'Juha Leiviskä 2000–2022'

Total Works of Art

John Hill
24. February 2023
Juha Leiviskä: Church of the Good Shepherd, Pakila, Helsinki, 1997–2002; Project Architect: Pekka Kivisalo (Photo © Arno de la Chapelle; all images courtesy of Museum of Finnish Architecture)

In 2020, Finnish architect Juha Leiviskä was recipient of the Daylight Award for Architecture, given out every two years by Villum Fonden, Velux Fonden, and Velux Stiftung. The jury reasoned that “his light does not only illuminate surfaces, it appears to originate and exist vibrantly in the architectural space itself,” and that “Leiviskä continues and enriches the humanistic traditions of the masters of Nordic architecture and design.” That same year, the jury gave a special Lifetime Achievement Award to educator and photographer Henry Plummer, who has made numerous books exploring natural light in architecture. One of them, Nordic Light: Modern Scandinavian Architecture, published in 2012, features two churches masterfully designed by Leiviskä: the Myyrmäki Church (1984) in Vantaa and the St. John’s Church (1992) in the Männistö district of Kuopio. 

“VERTICAL DAYLIGHT” featuring Juha Leiviskä, Laureate of The Daylight Award 2020 for Architecture

The year 2020 also marked the start of work by Leiviskä on a monograph of his works this century, a followup to a volume published in 1999 by the Museum of Finnish Architecture. The earlier monograph, titled simply Juha Leiviskä, includes the two churches mentioned above alongside numerous other works spanning the first 25 years of his practice, from 1964 to 1999. The new monograph, Juha Leiviskä 2000–2022, also published by the Museum of Finnish Architecture, picks up where the previous book left off, presenting 21 built and unbuilt works in depth and compiling a catalogue of all the projects in his office over those years. 

Juha Leiviskä: Church of the Good Shepherd, Pakila, Helsinki, 1997–2002; Project Architect: Pekka Kivisalo (Photo © Arno de la Chapelle)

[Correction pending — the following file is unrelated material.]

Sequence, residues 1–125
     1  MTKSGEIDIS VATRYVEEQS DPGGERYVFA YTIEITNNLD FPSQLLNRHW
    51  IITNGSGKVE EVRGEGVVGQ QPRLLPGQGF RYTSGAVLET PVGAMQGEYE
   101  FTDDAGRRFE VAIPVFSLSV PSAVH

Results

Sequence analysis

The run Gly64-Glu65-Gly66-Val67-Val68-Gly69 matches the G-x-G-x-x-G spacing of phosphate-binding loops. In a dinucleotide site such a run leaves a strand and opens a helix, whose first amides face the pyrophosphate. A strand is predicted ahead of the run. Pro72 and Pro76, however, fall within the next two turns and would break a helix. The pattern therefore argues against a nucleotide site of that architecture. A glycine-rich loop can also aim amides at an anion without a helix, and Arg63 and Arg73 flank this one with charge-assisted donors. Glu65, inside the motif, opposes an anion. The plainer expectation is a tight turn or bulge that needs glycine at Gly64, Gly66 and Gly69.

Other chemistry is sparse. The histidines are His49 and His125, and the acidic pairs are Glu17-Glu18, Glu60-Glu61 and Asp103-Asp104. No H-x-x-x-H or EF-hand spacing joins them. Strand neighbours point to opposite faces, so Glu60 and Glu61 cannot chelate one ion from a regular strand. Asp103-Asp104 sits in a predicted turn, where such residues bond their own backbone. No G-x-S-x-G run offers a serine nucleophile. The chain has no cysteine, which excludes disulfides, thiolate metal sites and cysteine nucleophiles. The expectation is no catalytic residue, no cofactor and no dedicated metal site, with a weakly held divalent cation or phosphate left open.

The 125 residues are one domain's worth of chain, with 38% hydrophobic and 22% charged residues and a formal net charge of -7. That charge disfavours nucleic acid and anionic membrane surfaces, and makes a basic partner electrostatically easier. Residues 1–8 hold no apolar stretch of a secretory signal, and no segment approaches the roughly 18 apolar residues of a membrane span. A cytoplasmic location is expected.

Those familiar with Leiviskä's 20th-century oeuvre will find familiar aspects continuing to the present, especially narrow windows fitted between tightly spaced walls — often parallel but also set at angles to each other — that prioritize the introduction of natural light. Such an approach, inspired by music, the forests of Norway, and aspects of the architect's upbringing, is well suited to religious commissions, including the Church of the Good Shepherd in Pakila, Helsinki, which graces the cover of the new monograph. Technically a new altar and other renovations for a 1950s church designed by Yrjö A. Vaskinen, the church bears Leiviskä signature articulation of natural light and skillfully integrates an installation of prisms, “Gabriel's Wing,” by artist Markku Pääkkönen.

Juha Leiviskä: Swedish School of Social Science, University of Helsinki, 2003–2010; Project Architect: Jari Heikkinen (Photo © Arno de la Chapelle)

A forest-like composition of parallel walls, tall windows, and slender columns is evident in the Swedish School of Social Science at the University of Helsinki. Above is the cafe that looks onto what Leiviskä calls “a great communal living room” at the heart of the building. Another important element on display in that photo, as well as in the two photos of the Church of the Good Shepherd, is the repeated pendant light, one of numerous variations designed by Leiviskä. “These floating lights with their reflective layers of disks,” writes historian William J. R. Curtis in his contribution to the monograph, “introduce a special tension in his spaces.” The lamps also contribute to such spaces becoming “total works of art,” as Curtis says later in the essay, while clearly expressing the important role of artificial light in architecture — and quietly arguing for the active role architects should take in this aspect of architectural interiors.